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Showing posts from March, 2015

Cobaya Griese at MM74

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One of the reasons we enjoy these Cobaya events is that even as the organizers, we never quite know what direction the chefs will take. You can't necessarily predict where a chef's real passions or interest lie from the kind of restaurant they run.

Thomas Griese is the chef at MM74, a Michael Mina restaurant in the Fontainebleau resort in Miami Beach. It's a "dressy casual" kind of venue, someplace you might go to before heading to Liv (or maybe even after clubbing: it's open until 2am on weekends) and get anything from hamachi "poppers" to a $26 burger to Mina's classic lobster pot pie. Don't get me wrong, the food at MM74 is good – very good, in many instances – but you wouldn't expect a high end, classically French inspired dining experience there.

But that's what Chef Griese did for his Cobaya dinner, drawing inspiration from his stage at The French Laundry and other fine dining venues[1] to put together a meal that was as luxur…

Who Wore It Best?

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In a post earlier this year, I mentioned a recent experience I had at St. Petersburg's Dalì Museum: seeing some of the artist's early works, what was most striking about them was how derivative they were. Several of Dalì's paintings from the late 1920's looked like lesser works of whichever contemporary he was currently in the thrall of, including many that bore remarkable similarities to Picasso's and Miro's works. It was not until the following decade that one of the most distinctive artists of the twentieth century actually found his own style – when Dalì started making paintings that looked like Dalìs.


The delicate subject of inspiration versus copying in the cooking world is one I've explored often here. Few, if any, artists start their careers with a fully formed vision of their style together with the technical ability to execute it. There's plenty of exploration, experimentation, and, yes, copying, that usually comes first. And I suspect it'…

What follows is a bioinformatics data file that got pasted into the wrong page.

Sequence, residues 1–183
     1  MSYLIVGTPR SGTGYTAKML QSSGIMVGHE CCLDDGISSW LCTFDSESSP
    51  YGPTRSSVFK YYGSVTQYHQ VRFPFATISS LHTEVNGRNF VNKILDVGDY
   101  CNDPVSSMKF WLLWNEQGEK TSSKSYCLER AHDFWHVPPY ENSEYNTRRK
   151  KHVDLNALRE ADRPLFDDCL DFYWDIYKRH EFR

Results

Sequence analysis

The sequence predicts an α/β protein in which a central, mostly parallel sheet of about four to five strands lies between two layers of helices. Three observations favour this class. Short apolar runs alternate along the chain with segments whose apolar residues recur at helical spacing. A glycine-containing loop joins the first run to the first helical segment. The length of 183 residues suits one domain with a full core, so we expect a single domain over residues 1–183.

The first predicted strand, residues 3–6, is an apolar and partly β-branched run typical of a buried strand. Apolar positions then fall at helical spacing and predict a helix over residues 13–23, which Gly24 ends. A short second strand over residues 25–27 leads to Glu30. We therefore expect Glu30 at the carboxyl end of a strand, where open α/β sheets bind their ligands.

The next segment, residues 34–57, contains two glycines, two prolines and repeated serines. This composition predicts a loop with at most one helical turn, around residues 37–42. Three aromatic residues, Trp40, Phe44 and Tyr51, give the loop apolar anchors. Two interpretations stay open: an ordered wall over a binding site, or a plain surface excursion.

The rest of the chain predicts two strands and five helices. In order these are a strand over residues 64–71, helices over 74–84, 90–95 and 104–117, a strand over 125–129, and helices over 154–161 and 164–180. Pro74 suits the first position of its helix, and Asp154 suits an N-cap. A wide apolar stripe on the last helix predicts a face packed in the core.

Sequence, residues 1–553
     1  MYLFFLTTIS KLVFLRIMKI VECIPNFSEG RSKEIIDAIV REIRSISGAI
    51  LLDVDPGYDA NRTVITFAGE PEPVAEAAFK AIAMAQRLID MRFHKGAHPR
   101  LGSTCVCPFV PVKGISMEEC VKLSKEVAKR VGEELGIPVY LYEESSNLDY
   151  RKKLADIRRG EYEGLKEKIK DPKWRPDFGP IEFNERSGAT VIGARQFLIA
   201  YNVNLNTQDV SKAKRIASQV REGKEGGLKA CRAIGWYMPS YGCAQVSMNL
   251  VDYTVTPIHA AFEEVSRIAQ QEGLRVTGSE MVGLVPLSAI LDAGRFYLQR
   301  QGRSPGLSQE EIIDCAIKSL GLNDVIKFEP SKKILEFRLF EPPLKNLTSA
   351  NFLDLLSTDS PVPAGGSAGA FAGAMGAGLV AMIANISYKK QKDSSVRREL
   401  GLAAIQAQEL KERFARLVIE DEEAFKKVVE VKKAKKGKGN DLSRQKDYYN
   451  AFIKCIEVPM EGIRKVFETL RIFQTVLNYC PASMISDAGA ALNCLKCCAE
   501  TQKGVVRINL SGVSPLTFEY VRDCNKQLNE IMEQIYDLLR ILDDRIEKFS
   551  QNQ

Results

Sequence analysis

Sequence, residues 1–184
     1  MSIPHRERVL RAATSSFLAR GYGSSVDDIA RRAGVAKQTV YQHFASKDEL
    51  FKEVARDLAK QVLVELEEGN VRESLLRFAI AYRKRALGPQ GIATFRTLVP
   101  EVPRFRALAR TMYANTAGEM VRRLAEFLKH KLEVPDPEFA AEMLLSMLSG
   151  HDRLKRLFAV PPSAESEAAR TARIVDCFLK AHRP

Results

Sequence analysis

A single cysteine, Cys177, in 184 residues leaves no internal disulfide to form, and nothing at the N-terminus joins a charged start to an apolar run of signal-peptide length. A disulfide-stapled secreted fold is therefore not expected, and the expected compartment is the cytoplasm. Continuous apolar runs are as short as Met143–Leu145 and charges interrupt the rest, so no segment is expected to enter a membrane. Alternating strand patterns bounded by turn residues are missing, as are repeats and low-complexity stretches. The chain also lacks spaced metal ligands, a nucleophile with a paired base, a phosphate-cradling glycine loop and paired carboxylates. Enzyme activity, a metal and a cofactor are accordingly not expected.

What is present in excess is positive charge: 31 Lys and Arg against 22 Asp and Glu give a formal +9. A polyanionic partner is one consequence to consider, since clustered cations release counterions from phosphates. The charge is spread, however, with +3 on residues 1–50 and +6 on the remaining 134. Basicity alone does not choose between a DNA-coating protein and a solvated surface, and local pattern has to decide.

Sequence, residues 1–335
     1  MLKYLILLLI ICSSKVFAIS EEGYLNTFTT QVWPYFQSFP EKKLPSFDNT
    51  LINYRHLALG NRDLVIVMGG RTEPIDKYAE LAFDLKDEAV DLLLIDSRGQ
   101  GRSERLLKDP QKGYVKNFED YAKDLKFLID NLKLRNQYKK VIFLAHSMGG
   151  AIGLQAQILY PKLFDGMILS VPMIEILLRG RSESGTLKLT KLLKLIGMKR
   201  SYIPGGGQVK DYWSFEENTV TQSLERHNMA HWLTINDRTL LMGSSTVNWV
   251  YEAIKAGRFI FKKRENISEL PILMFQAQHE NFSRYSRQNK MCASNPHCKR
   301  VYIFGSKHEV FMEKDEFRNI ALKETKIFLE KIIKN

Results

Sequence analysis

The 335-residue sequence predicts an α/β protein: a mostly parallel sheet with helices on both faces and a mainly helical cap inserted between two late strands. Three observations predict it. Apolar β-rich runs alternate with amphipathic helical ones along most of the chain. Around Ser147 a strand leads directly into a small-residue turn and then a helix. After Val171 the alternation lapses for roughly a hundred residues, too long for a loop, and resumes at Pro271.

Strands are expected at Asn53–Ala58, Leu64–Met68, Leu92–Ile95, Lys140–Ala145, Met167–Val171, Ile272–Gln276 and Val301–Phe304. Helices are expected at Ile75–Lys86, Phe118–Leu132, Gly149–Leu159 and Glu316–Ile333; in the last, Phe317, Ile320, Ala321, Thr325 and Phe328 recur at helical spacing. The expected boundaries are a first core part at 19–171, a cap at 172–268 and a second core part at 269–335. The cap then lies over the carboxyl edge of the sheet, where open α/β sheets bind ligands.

Vagabond Restaurant - Miami MiMo District

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When chefs from other cities open restaurants in Miami, there's often a sort of "I'm going to show you how it's done" swagger that locals can find off-putting. You hear lots of broad brush "Miami doesn't have ____" and "Miami doesn't do _____" statements from people who sometimes have spent less than a week here. That limited experience doesn't keep them from professing to educate us all about ourselves and what we're missing.


I was worried we were getting more of the same when I read a pre-opening interview with Alex Chang, the young chef[1] selected to run the Vagabond Restaurant & Bar inside the newly renovated and restored Vagabond Hotel on Biscayne Boulevard.[2] Here's the brash newcomer telling us, "So ... it's different compared to other big cities... I think the food here is not quite as progressive and innovative. I think there's some great chefs here and a lot of people doing some really great stu…

Cobaya Five 0 with Chefs Jeremiah Bullfrog and H. Alexander Talbot

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I will save most of the nostalgic reminiscences for another post, but this was a special one: our 50th Cobaya dinner. When we started this little experiment nearly six years ago, I had no idea if we'd get enough people to show up for a single dinner, much less be able to do it 49 more times. So it was particularly appropriate that we got to do Cobaya Five 0 with some people who have been a big part of our story.


Chef Jeremiah Bullfrog was one of the first people to reach out to us when we started on this endeavor – this was before gastroPod v.1.0, much less v.2.0 in a shipping container in Wynwood (and the new v.2.5 in Aventura Mall). He cooked for Experiment #2, made a return a couple years later for Experiment #19, and has helped out on countless other events.

H. Alexander Talbot – one of the co-creators, along with wife Aki Kamozawa, of the Ideas in Food blog, and co-author of "Ideas In Food: Great Recipes and Why They Work" and "Maximum Flavor: Recipes That Will…

Saison - San Francisco

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There are few meals I've looked forward to with as much anticipation. Between the reports from trusted friends both virtual and flesh and blood, the three Michelin stars conferred late last year (which many thought were overdue), and myriad other raves and recognitions, my expectations for Saison were quite high.


Some reputations are so lofty that I fear the reality cannot possibly compare. But Saison did not disappoint.

Ingredients. Focus. Smoke. Pleasure.

These are the words that keep coming to mind as I look back on our meal.

Ingredients: With a menu that uses primarily seafood and vegetables, prepared in a minimalist style, every item that makes it to the plate has been selected with fanatical attention and care. Many are sourced from nearby: sea urchin from Fort Bragg, seaweeds from Mendocino, vegetables from the restaurant's own farm plot, milk "from our cow."

Focus: Instead of dozens of components thrown together, Saison's dishes have a unity of purpose: near…